Thin people are more likely to get away with murder, or at least white-collar crimes, according to a new study. A group of Yale psychologists asked a few hundred people to pretend they were jurors deciding whether four different (images of) people — one big guy, one thin guy, one large woman, one thin woman — were guilty of check fraud.
Female participants didn't stereotype based on weight. But men — especially lean men — sure did. According to Slate's Katy Waldman:
Not only did the male pretend jurors prove "significantly more likely" to find the obese female defendants-rather than the slim ones-guilty, but the trim male participants were worst of all, frequently labeling the fat women "repeat offenders" with "awareness" of their crimes. And because the effect disappeared when the photographs depicted a man, the hypothesis that subjects were simply layering class-based assumptions-such as "poor people are more often overweight" and "poor people commit more crime"-on top of one another falls a bit short. (On the other hand, as one of the researchers, Dr. Natasha Schvey, explained to me over the phone, fat women are more likely to be perceived as coming from lower socioeconomic backgrounds than fat men. Somehow I don't find that consoling.)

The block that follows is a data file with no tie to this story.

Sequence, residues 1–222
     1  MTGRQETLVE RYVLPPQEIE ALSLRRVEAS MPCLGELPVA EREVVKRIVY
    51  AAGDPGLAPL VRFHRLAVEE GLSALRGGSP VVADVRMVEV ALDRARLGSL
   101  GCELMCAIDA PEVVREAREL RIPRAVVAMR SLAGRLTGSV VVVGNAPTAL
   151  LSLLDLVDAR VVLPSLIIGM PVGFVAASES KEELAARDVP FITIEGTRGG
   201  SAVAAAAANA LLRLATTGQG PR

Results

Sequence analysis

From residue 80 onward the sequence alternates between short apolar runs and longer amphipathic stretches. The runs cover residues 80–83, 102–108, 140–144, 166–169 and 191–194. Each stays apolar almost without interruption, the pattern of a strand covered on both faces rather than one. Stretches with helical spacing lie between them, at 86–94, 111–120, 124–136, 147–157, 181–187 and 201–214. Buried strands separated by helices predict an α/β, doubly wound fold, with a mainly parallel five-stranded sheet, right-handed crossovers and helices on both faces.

We wonder what would've happened if the pseudo-accused were male?
Image via corgarashuShutterstock.